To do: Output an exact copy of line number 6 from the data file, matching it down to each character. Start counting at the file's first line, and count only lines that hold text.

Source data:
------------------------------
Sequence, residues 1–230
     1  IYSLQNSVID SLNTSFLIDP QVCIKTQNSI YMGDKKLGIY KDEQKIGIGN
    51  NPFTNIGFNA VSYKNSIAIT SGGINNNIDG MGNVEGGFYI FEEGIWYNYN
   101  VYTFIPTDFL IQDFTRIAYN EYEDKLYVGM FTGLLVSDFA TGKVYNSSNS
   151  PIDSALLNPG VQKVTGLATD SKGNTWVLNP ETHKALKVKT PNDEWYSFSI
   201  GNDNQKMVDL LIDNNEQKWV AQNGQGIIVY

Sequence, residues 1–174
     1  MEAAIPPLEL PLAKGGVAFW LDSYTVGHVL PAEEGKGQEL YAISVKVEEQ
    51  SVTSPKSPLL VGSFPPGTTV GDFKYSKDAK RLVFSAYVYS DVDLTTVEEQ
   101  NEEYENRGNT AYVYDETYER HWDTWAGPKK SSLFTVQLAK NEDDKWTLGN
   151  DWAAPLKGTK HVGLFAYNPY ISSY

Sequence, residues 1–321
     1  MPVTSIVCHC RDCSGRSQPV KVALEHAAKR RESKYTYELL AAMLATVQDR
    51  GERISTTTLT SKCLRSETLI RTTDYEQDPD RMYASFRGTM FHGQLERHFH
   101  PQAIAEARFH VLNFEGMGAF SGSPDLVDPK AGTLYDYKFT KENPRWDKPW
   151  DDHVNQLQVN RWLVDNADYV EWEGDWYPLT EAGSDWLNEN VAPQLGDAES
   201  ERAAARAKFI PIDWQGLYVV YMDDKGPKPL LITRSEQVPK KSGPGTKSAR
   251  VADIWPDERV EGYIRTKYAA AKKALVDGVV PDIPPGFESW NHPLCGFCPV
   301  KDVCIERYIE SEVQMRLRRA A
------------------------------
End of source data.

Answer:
   201  GNDNQKMVDL LIDNNEQKWV AQNGQGIIVY